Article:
Microbial Iron Uptake
The low solubility of Fe(III) in water limits the concentration of bioavailable iron to levels far below that required for growth. The problem of iron availability is further compounded for many pathogenic bacteria and marine bacteria because iron in their growth environments is naturally low. Over vast regions of the open ocean, the concentration of iron is only 0.01 – 2 nM. For pathogenic bacteria invading a host, free iron is not available because it sequestered by the host proteins ferritin, transferrin, and lactoferrin at the onset of an infection.
Bacteria have evolved parallel pathways to obtain iron from different sources, including Fe-heme, Fe-transferrin, ferrous ion, as well as Fe(III)-siderophores, when starved for iron (Image Gallery Figure 1). Siderophores [Greek for iron (sideros) loving (phore)] are high affinity chelators for Fe(III). Over 500 siderophores are known. Many newly discovered siderophores are amphiphilic, composed of a hydrophilic iron-binding head group and a lipophilic fatty acid tail. Interestingly, this type of siderophore has primarily been isolated from certain pathogens and from a wide variety of marine bacteria. We are interested in:
1. Siderophore biosynthesis: We are using a genome mining approach to identify new siderophores and characterize the biosynthetic pathways that produce siderophores. Recently, in one example, we predicted, identified and characterized a new suite of amphi-enterobactins from Vibrio harveyi (See Image Gallery Figure 2). The condensation domain of the non-ribosomal peptide synthetase (NRPS) enzyme AebF is unique in that it catalyzes two distinct condensation reactions (See our JACS 2014 publication). We are continuing to investigate the relationship between amphi-enterobactin biosynthesis and quorum sensing, further enzymatic processing of amphi-enterobactin in the iron uptake process, as well as the biosynthesis of other acyl-peptidic siderophores.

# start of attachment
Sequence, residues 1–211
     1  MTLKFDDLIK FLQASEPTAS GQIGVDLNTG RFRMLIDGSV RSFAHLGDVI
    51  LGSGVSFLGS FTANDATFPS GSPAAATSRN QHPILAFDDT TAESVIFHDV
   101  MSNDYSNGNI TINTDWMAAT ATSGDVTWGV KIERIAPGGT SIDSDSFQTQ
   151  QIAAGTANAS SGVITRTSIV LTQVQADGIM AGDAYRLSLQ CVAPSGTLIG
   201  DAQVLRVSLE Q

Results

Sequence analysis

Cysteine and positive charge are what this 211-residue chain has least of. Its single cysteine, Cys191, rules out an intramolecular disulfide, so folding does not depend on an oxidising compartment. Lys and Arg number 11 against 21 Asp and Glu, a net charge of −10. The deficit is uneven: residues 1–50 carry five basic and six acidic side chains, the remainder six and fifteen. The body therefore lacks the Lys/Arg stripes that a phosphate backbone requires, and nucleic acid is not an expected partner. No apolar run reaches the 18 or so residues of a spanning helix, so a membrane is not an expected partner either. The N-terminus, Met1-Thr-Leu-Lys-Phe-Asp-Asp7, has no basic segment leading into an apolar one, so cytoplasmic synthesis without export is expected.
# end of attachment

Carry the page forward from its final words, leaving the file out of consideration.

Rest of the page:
2. Enzymatic modification of siderophores: Many marine and pathogenic bacteria produce amphiphilic acyl-siderophores. We have identified Ntn-hydrolase enzymes which release the fatty acid from these siderophores at certain growth phases of the bacterium (See Image Gallery Figure 3 and our Biochemistry 2014 publication). Current investigations are directed towards elucidating the role of this enzyme in bacterial iron uptake, growth and quorum-regulated communication.
Esterases are also important in tailoring siderophores. While the amphi-enterobactin siderophores are very hydrophobic and associate with the cell membrane, a hydrophilic non-acylated dimer of L-Ser-2,3-dihydroxybenzoic acid is released into the growth supernatant of V. harveyi. The biosynthetic machinery for the dimer is not seen in the bacterial genome. We are investigating potential enzymes responsible for Ser-ester hydrolysis of amphi-enterobactin and how this process facilitates iron uptake.
3. Photoreactive siderophores: We discovered that ferric complexes of siderophores containing an alpha-hydroxy carboxylic acid group, such as in aerobactin and the aquachelins, among many others, undergo a UV photo-induced oxidation of the siderophore and reduction of Fe(III). Fe(III)-aerobactin photolysis results in quantitative decarboxylation of the central citrate moiety and formation of Fe(II) (Image Gallery Figure 4). Photochemical cycling of these siderophores in the surface oceans could enhance the bioavailability of iron. Iron(II) produced by the photolysis of Fe(III)-siderophores could be taken up directly by bacteria or other organisms. The oxidized siderophore photoproduct still binds iron(III) with high affinity, and can also contribute to iron uptake.